In late May, the board announced a $300 million allocation for share repurchases. This was in addition to a program of the same size that was announced in February and completed in May.
The rapid pace of repurchasing demonstrates both an internal belief in DigitalOcean’s ability to generate free cash flow on an ongoing basis and a commitment to improving shareholder returns using that cash.
With that said, DigitalOcean does come with its share of risks.
Most concerning is its debt-to-equity ratio of 3.42, well over what would be considered a safe range. The stock is also trading at a forward P/E of over 50. This second point isn’t as worrisome as it looks at face value, given the company’s ongoing growth potential. However, slower growth or lower earnings in the future could call this high valuation into question and cause further selloffs.
Today, DigialOcean’s median target price from 11 analyst forecasts is $55. This would give investors a return of 56 percent against the current price of $35.25.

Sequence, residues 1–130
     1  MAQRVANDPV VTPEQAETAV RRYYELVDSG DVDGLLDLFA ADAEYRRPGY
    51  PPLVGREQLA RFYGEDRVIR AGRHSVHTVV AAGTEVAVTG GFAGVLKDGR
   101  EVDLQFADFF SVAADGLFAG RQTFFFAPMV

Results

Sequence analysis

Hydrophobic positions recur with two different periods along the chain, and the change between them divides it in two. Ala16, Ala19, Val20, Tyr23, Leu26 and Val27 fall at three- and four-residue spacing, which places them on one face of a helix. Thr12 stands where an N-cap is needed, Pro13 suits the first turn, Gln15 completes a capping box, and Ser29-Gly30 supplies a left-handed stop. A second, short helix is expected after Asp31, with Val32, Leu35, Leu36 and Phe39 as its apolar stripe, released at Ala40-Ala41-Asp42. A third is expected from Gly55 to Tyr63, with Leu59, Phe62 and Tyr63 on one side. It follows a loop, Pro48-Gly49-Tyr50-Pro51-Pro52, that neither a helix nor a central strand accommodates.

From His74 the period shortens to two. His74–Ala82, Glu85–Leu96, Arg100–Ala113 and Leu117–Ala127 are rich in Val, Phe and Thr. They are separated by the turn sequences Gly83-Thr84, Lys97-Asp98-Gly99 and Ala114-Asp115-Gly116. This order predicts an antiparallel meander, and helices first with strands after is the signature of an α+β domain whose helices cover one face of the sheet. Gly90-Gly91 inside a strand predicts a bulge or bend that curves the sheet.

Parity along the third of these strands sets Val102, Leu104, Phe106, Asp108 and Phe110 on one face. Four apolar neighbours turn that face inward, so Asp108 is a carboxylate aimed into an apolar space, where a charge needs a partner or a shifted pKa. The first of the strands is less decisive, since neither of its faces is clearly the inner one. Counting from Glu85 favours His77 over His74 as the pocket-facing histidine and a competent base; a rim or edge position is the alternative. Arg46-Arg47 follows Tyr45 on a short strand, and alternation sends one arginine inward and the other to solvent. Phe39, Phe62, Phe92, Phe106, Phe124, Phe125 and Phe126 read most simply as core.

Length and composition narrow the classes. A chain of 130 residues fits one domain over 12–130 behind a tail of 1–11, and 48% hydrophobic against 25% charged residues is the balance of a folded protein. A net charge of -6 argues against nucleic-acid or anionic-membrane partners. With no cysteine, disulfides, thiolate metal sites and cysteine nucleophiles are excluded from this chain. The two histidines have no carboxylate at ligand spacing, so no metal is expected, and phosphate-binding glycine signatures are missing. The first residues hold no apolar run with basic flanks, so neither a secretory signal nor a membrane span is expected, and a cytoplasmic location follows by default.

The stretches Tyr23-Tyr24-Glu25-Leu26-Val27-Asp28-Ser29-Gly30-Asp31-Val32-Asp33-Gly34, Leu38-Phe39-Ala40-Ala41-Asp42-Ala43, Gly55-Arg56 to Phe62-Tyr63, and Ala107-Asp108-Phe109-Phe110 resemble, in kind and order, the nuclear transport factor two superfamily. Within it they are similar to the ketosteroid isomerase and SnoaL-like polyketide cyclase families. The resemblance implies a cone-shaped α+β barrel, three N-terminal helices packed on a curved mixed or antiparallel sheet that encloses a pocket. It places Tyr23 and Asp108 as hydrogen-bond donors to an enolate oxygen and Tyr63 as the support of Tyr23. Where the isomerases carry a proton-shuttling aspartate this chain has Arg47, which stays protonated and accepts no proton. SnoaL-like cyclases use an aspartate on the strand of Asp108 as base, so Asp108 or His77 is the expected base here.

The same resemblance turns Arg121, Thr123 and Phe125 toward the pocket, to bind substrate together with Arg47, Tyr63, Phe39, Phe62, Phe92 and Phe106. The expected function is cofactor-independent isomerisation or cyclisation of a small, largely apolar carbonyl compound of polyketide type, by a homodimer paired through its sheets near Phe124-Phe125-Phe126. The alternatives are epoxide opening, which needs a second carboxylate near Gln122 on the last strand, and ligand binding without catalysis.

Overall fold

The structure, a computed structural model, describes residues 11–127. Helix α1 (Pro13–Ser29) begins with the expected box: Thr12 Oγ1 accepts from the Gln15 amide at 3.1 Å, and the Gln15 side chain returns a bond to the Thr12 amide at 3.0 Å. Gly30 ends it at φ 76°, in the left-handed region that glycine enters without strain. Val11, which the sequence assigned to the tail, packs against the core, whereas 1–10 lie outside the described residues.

Analyst sentiment is beginning to turn slightly more bearish, suggesting that the upside could be lower than reflected by the current slate of ratings.
However, DigitalOcean still appears to have ample long-term potential. Assuming management can deliver its target growth rate and maintain free cash flow growth, investors who buy at today’s prices and hold have a good chance of seeing strong returns over the coming years.
Collaboration software company Atlassian (NASDAQ:TEAM) has had a similar year to DigitalOcean, selling off by just over 50 percent. This is despite the fact that the company is still turning in solid growth numbers, suggesting that the market may have oversold Atlassian as part of the tech sector’s overall drop.
In the most recent quarter, Atlassian reported revenue growth of 30 percent for a total of $740 million. Recurring subscription revenue, a key factor for long-term predictable cash flows, increased 59 percent to $555 million.
The company’s balance sheet also remained relatively strong with a combined cash and equivalents position of $1.3 billion.